• Decide to go up the mountain, since I’m so close to it and have the morning to kill.  Forget where the short paths are and end up taking a long time to get there.  Arrive at the cross and no sooner have I reached this summit than it starts to rain.  Am I being punished for this most un-Jewish of pilgrimmages?  Perhaps.  Though I manage to make my way down easier than I made my way up.
  • Drag my bags to the bus station, stopping for a bite to eat at Le Commensal (the one on St. Denis.)  Then to the bus station.

I don’t know when I’ll be back in Montreal.  I don’t know when I’ll see some of those people again.   Hopefully soon for both.

And the rest will wait for another post.  Like I said, I intend to write mini-reviews for all the TV I’ve watched and books I’ve read, and I should be posting a show I did recently (complete with magazine article describing it), so for those of you who’ve never seen me perform or never seen me do long-form (or just haven’t lately), it’ll be the next best thing to being there.  Be well.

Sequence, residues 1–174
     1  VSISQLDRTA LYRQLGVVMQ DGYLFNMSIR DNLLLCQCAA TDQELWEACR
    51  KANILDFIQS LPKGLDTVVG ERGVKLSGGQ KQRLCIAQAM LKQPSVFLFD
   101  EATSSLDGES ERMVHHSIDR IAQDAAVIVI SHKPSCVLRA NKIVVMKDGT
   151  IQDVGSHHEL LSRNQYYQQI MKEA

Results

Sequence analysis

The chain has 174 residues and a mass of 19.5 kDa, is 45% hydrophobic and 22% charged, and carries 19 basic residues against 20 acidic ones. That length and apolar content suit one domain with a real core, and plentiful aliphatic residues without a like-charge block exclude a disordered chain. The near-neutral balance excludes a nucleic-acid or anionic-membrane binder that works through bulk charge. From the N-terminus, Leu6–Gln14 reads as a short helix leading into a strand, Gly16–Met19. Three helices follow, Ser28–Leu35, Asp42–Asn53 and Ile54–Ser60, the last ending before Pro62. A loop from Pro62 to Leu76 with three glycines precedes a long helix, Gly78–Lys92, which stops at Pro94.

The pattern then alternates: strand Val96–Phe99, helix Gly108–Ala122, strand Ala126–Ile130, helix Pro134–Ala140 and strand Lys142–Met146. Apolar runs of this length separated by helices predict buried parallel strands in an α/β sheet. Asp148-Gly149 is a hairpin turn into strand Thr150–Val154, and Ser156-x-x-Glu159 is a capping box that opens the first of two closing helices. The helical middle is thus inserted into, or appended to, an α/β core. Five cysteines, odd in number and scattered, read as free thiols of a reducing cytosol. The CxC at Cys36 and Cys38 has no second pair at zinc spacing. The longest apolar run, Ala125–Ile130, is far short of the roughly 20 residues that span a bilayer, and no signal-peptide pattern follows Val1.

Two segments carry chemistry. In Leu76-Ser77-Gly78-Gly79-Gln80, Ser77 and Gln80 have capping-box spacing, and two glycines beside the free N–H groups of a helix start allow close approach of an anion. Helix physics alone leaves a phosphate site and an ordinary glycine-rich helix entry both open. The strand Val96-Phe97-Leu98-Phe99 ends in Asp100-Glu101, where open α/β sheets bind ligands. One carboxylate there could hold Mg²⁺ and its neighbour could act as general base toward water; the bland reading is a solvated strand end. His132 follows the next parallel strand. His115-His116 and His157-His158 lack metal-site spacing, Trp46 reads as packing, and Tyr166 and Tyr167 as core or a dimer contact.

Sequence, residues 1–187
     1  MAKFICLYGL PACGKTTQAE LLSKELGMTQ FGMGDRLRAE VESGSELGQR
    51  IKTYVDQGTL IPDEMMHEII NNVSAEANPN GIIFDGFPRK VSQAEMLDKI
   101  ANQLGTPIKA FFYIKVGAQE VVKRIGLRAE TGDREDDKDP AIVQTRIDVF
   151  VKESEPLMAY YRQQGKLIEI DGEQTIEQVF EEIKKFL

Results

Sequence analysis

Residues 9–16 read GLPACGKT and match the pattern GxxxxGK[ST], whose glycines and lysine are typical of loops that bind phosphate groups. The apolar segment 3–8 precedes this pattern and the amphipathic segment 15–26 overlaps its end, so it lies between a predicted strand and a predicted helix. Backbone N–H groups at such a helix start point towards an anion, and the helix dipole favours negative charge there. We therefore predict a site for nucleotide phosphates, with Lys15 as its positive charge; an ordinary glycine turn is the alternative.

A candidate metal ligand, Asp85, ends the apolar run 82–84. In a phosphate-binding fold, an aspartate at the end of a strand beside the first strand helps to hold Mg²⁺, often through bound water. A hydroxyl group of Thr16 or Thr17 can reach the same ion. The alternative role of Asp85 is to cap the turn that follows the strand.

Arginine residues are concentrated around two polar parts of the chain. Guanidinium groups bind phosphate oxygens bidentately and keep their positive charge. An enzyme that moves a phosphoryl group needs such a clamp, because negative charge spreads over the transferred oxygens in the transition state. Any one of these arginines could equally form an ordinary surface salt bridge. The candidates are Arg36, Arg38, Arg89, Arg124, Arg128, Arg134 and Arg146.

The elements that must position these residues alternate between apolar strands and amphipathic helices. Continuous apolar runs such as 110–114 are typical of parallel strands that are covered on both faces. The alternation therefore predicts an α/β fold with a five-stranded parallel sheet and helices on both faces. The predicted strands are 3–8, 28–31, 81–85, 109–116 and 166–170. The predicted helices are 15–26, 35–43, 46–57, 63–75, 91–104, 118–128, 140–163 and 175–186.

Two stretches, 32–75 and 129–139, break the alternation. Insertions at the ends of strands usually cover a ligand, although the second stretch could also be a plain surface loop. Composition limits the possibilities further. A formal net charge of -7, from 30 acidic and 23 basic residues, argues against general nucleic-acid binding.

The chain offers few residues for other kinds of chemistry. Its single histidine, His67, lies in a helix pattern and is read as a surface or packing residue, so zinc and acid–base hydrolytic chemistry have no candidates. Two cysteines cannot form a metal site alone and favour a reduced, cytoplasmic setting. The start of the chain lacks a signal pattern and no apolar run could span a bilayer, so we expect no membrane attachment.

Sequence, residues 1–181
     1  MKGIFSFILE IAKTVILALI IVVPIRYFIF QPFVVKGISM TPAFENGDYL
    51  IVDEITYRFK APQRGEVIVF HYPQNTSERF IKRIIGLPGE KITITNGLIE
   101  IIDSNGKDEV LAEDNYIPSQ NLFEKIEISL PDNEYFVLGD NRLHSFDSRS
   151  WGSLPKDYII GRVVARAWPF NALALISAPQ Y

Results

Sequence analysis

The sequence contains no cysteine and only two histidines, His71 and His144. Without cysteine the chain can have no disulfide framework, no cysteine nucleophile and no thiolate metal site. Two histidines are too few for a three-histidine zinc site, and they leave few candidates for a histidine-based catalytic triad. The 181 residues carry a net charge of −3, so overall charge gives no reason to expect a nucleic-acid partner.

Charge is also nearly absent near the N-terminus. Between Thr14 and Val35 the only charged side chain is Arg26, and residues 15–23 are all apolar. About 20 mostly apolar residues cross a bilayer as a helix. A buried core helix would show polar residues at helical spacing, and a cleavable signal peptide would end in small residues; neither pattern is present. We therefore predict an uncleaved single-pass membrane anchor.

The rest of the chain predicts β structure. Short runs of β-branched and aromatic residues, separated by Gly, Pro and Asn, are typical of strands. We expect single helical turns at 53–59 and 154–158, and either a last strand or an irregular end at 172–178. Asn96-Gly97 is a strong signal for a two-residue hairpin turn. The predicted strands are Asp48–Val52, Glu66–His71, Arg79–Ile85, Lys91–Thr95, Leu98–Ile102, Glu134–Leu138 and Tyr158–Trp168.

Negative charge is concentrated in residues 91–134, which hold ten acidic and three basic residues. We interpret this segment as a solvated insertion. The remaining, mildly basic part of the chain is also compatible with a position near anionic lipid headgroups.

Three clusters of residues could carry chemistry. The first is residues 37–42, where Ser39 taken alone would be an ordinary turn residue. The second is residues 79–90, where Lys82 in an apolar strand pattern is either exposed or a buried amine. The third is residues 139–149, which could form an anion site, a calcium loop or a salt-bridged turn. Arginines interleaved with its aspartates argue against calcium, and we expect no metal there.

Oh, and since I like to end with a laugh, and I don’t know what else I’m ever going to do with this, here’s a picture I took of chicken bones in a subway station: